Close Enough to Kill
Jesus’ disciples asked him, “Why do the scribes say that Elijah must come first?” Jesus answered, “Elijah is coming first to restore all things. How then is it written that the Son of Man is to endure many sufferings and be treated with contempt? But I tell you, Elijah has come, and they did to him whatever they pleased.” – Mark 9:10-13 (adapted)
The scribes were teaching that the long-dead prophet Elijah would return to prepare the way for the Messiah. Now there’s speculation about whether Elijah had come and who he might be. Jesus? John the Baptist? King Herod wonders, too. His money’s on John, who fascinates him. But John’s uncompromising morality enrages him, and he throws John in jail. Then he kills him.
So much for the glorious prophets. Which is precisely what Jesus is explaining to his disciples here, hinting at his own fate: You could be as great as the great Elijah, he says; they’ll still do to you whatever they want. It’s not rocket science to foretell a prophet’s end. Or a Messiah’s.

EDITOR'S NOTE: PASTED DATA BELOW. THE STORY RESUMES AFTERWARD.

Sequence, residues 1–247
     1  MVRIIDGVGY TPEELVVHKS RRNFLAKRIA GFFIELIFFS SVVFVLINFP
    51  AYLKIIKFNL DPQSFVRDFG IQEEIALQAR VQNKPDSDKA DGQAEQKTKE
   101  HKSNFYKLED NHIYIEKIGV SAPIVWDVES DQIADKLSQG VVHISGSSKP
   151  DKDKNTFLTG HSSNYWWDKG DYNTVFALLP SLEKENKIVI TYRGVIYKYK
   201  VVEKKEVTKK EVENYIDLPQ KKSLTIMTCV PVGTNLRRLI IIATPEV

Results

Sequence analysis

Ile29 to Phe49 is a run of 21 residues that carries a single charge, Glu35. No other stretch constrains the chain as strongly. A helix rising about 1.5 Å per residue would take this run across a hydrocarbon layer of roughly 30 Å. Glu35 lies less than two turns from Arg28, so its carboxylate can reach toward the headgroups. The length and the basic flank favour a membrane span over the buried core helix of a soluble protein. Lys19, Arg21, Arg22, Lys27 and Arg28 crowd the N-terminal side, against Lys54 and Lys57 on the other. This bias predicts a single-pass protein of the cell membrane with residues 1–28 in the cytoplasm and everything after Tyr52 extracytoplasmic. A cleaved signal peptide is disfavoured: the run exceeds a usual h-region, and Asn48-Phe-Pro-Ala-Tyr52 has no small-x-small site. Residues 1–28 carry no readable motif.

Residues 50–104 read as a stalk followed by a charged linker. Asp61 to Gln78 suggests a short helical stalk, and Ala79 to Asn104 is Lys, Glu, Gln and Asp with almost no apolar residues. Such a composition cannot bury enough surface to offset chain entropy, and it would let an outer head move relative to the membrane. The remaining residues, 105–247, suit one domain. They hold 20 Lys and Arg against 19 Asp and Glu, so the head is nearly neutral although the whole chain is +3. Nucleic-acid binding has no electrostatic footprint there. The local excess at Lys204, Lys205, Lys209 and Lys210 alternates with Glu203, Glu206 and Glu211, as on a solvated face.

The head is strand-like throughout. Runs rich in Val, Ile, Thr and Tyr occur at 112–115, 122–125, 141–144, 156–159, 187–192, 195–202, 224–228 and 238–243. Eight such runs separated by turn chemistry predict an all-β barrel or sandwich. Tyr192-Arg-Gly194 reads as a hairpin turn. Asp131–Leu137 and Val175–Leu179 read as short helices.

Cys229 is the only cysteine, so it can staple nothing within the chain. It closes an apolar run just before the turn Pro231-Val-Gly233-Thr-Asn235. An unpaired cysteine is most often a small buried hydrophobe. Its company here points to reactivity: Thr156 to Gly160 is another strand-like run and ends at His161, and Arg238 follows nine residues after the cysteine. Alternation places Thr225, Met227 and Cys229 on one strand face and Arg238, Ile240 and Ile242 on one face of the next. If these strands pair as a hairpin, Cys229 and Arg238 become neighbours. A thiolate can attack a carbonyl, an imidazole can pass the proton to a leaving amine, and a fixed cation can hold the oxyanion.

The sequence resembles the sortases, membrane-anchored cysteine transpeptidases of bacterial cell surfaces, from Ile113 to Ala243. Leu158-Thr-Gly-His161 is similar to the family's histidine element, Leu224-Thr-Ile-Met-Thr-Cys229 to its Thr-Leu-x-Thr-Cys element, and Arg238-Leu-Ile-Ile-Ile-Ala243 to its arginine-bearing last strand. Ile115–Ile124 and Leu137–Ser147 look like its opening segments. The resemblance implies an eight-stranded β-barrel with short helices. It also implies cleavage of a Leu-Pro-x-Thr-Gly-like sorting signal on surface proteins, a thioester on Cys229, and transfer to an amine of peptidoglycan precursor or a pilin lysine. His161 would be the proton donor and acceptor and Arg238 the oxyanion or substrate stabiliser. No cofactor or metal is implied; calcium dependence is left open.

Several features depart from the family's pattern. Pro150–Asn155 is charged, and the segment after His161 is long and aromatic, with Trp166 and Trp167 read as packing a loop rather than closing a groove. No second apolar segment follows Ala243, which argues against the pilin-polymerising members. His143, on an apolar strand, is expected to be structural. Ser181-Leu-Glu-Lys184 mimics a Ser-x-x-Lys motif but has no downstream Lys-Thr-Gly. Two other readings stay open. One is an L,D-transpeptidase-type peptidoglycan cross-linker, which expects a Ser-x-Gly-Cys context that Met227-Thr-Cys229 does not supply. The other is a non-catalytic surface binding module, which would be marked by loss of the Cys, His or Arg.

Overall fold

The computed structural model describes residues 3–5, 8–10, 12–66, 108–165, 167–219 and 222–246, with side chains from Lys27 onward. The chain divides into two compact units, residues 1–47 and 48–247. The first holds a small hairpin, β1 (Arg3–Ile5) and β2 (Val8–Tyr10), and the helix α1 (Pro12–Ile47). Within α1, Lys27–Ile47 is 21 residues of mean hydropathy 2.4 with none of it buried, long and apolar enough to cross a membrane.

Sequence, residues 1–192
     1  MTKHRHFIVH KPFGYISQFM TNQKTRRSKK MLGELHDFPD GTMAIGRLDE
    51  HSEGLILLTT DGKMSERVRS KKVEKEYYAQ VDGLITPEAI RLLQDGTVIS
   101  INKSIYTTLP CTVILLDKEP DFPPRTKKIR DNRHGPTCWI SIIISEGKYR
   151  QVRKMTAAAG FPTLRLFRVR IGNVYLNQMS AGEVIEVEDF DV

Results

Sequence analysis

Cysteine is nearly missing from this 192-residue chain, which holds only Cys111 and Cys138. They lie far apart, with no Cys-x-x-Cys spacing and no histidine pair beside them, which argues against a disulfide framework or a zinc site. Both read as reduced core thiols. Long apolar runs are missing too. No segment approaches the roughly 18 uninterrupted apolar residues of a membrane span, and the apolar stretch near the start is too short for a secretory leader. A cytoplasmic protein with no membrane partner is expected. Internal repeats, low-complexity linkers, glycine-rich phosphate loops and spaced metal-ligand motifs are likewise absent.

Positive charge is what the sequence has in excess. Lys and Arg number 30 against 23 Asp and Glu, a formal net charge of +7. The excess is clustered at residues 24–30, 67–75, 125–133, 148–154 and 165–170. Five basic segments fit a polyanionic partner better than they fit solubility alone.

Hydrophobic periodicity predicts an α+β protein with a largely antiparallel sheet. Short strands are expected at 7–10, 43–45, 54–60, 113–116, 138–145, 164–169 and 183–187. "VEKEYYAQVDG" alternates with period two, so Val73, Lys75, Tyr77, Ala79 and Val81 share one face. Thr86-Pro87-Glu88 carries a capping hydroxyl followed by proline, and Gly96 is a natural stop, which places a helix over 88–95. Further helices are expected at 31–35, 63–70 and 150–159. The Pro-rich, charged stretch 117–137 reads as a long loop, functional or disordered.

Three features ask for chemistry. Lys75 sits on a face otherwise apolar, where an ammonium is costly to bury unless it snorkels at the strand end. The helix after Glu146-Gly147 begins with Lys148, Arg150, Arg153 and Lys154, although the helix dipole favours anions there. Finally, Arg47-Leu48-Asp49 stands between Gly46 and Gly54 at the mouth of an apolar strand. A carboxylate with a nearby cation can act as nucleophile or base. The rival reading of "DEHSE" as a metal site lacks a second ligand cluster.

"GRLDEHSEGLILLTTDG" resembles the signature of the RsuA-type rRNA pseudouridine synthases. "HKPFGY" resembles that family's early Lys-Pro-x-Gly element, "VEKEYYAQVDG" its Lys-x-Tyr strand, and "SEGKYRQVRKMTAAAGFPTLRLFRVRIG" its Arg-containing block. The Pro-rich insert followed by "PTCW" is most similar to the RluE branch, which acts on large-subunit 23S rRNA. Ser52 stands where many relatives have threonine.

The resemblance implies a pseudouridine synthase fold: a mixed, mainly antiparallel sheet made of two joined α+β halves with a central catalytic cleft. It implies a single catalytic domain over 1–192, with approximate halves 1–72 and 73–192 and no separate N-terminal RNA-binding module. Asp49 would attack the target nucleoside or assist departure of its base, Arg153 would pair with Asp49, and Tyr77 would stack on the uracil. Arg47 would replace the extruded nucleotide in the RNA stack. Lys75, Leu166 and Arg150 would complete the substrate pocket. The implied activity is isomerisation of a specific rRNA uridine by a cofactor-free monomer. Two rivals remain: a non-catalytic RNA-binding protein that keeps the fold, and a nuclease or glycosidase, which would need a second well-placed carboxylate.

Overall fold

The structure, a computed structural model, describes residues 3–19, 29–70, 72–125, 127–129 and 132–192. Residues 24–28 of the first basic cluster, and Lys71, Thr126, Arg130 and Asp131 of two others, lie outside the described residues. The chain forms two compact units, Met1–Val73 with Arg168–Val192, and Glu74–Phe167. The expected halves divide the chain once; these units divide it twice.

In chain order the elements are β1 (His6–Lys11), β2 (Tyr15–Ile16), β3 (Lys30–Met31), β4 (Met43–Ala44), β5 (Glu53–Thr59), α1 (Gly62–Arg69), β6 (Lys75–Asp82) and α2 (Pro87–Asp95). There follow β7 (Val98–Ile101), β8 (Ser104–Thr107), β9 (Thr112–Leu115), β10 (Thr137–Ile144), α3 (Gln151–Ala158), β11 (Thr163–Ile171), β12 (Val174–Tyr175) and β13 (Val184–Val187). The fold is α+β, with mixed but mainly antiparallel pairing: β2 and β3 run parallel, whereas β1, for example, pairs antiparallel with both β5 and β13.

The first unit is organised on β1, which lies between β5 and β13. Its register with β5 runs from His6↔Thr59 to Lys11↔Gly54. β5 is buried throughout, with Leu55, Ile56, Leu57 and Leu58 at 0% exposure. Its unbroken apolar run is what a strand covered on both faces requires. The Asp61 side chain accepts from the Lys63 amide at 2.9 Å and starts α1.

In Advent we don’t usually contemplate Jesus’ suffering and death. We focus instead on God’s intimacy with us in the human flesh of Jesus, God’s Child. We marvel at God drawing so near to be with us, alongside us, not above us or against us.
But it’s not a big jump from cradle to cross when you consider what a risk coming to us actually is, what a dangerous thing intimacy can be, how often close can be too close. Close enough to kill.
God knows it. Better than anyone. And still God comes.
O God, what are we to make of you, so willing to risk everything to be near us? Are we worth so much?
Mary Luti is a long time seminary educator and pastor, author of Teresa of Avila’s Way and numerous articles, and founding member of The Daughters of Abraham, a national network of interfaith women’s book groups.